Opium smoking much beloved by Victorian intellectuals could be making a comeback in Britain a national drugs conference was warned yesterday.
Smoking opium could make a comeback in Britain
By Stewart Tendler,
Crime Correspondent of The Times
International drugs experts believe that traffickers faced with off-loading a record crop of opium poppies in Afghanistan are not bothering to refine opium into heroin but smuggling it direct for sale.
One route is believed to be via France, after French customs seized 36 kilos of opium which was due to be smuggled through the Channel Tunnel to Folkestone in October.
Last year the total seizure of opium in France was a mere two kilos. In Britain, the latest figures for the seizure of all opiate drugs, including other drugs as well as opium, was 30 kilos in 2003.
Opium is a gum produced from the washed sap of the poppy. Until the creation of international controls in the early 20th Century, opium was widely smoked in the Middle and Far East and in Europe where it was used by painters and writers. Forty times less potent than heroin, opium is nonetheless highly addictive. It was widely used in the Far East where Britain went to war twice in the 19th Century to control the trade to China.
A warning that the French seizure is a sign of a potential trend came yesterday from Jean-Luc Lemahieu, chief of the European and Western Asia section of the United Nations Office on Drugs and Crime.
Mr Lemahieu, speaking at a national conference on drug problems organised by the Association of Chief Police Officers in Manchester, said there was evidence that traffickers were going back to "traditional markets" and attempting "re-establish the Victorian habit of opium use". He said the trend was very small but there have been seizures in Britain and the drug markets would have to be watched.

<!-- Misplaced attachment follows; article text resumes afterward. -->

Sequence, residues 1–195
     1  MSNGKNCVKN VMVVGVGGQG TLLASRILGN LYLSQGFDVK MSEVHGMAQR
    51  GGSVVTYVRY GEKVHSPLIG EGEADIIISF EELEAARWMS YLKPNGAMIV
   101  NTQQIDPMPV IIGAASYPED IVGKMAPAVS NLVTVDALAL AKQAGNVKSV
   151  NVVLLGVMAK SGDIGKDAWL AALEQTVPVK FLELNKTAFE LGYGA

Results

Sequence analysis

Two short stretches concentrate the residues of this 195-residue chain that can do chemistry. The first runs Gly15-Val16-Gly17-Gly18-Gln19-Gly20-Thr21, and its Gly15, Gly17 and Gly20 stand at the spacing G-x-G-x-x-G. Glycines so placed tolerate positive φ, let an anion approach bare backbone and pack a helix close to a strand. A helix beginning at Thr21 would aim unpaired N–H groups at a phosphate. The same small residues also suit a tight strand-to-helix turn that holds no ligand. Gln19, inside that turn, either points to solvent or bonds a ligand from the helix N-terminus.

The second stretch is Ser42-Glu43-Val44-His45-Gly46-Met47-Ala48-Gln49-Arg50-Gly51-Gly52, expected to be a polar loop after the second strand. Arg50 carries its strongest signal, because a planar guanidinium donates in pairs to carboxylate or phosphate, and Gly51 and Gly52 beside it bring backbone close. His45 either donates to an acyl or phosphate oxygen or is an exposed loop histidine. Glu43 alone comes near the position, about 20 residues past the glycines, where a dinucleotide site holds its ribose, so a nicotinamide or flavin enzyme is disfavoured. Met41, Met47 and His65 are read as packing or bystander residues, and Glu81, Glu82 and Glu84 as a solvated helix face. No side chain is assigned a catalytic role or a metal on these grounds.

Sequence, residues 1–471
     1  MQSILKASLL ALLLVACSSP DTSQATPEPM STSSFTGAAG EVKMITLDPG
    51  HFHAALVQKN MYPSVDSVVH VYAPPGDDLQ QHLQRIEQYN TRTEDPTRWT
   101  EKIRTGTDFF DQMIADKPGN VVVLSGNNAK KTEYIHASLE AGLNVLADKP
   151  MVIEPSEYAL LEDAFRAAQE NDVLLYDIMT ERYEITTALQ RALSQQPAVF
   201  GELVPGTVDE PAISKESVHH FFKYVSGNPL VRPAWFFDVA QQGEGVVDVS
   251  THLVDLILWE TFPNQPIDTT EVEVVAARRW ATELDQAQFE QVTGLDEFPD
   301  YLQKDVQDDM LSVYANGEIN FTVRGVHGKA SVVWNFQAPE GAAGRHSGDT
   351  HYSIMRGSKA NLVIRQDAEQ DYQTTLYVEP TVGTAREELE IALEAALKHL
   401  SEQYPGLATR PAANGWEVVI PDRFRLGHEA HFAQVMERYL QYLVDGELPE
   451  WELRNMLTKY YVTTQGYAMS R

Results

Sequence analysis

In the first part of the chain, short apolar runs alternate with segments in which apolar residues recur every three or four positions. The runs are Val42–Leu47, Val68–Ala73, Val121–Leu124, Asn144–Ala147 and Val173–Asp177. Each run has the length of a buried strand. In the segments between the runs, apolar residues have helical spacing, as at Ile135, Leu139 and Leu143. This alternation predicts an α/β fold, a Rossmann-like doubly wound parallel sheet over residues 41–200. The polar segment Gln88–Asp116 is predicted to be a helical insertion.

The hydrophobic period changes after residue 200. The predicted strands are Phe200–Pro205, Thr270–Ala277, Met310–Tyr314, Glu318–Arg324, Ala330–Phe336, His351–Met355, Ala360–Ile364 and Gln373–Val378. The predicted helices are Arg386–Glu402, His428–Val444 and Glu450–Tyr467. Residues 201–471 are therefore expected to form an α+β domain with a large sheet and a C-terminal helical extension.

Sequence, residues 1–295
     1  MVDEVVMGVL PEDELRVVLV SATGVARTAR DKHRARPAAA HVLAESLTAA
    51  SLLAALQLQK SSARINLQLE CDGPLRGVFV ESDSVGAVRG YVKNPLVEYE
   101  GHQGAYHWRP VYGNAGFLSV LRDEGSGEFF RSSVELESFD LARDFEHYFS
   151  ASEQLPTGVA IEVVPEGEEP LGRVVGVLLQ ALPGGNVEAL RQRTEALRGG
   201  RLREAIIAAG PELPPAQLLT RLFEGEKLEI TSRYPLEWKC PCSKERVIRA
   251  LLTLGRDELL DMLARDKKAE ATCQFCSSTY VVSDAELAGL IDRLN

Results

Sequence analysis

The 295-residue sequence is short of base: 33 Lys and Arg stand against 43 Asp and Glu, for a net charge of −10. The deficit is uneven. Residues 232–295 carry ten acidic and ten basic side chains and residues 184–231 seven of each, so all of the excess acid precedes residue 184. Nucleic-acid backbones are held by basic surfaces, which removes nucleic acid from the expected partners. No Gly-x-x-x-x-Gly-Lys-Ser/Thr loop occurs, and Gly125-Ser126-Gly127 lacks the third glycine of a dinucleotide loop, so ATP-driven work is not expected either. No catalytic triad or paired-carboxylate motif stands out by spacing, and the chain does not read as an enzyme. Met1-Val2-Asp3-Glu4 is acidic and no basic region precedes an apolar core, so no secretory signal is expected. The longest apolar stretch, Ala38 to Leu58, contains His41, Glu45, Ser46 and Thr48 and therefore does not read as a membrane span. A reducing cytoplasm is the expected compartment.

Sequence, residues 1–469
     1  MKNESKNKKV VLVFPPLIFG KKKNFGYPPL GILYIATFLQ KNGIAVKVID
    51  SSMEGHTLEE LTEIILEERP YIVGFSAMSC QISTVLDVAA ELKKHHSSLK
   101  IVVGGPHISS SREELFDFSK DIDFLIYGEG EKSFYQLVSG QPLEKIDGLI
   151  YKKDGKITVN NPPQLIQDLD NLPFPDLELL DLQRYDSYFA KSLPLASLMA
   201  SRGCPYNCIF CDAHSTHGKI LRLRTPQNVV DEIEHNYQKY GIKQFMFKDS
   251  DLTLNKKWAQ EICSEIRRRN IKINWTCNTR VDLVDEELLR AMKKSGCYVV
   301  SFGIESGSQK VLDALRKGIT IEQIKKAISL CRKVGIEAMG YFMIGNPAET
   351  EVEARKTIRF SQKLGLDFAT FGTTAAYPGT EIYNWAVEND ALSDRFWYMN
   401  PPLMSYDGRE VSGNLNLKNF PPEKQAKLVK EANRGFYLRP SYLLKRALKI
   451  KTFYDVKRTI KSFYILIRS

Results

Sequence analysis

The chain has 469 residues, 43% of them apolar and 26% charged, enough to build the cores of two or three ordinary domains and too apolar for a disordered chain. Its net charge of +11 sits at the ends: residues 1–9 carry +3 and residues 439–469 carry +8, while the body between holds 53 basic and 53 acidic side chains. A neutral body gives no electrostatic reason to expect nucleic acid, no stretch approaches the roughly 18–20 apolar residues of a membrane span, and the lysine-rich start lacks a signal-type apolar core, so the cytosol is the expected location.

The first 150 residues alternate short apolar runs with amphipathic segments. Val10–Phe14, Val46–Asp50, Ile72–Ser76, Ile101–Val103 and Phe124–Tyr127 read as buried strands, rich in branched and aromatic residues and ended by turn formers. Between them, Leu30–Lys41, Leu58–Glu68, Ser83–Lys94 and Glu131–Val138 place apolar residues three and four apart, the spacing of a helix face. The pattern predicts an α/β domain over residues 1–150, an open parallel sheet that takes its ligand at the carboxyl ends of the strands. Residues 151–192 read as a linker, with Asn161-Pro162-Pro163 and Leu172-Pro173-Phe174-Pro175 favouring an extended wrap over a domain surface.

Traffickers are faced with a record Afghanistan harvest of 6,100 tonnes of opium in 2006 equal to 610 tonnes of heroin.
The vast majority is coming from Helmand province where the British army is trying to gain control of the area. Helmand has seen a 121 per cent growth in Opium in one year alone. In 2005 the worldwide figure was 4750 tonnes.
Mr Lemahieu said the price of heroin has been low in Britain for some years but the traffickers may ship more with a greater purity. One result would be increasing overdose deaths. Traffickers could also stockpile drugs along the routes into Europe and may also try to smuggle into China which traditionally had a big opium market.
He also warned the conference that cocaine is starting to replace ecstasy as the drug used by young people in clubs. Mr Lemahieu said: "New users see it as harmless after seeing ecstasy is safe."
Andy sellers, one of the senior officers in the Serious Organised Crime Agency - Britain's version of the FBI - admitted to the conference that the overall picture of heroin and opium problems is poor and the long term future looks bleak.
"My key message is that the threat is increasing, traditional seizures don't make any discernible difference," he said.
The price of heroin has been falling and the only problem for the traffickers is transportation. Mr Sellers said 25 to 35 tonnes of heroin are reaching the United Kingdom each year, worth about £1.26 billion, of which 95 per cent comes from Afghanistan.
But Vernon Coaker, the Home Office minister responsible for drug policies, said that there was evidence that drug markets are stabilising. Use of class A drugs is falling according to research.
Asked about any growth in the opium trade Mr Coaker said that work was under way in Afghanistan to cut production and disrupt the supply routes.
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FAMOUS USERS OF OPIUM HAVE INCLUDED
Samuel Taylor Coleridge, the early 19th Century poet who wrote The Rime of the Ancient Mariner and Xanadu
Thomas de Quincey, an English writer and author of Confessions of an Opium-eater published in 1821.
Edgar Berlioz, the French 19th Century composer.
Edgar Alan Poe, 19th Century American writer of black and gothic stories and poetry.
Jean Cocteau, 20th Century French avant garde writer.
Opium use in Iran
Just For Chemists
The Afghan Connection
Heroin: A Drug Fit For Heroes?
Confessions of an English Opium Eater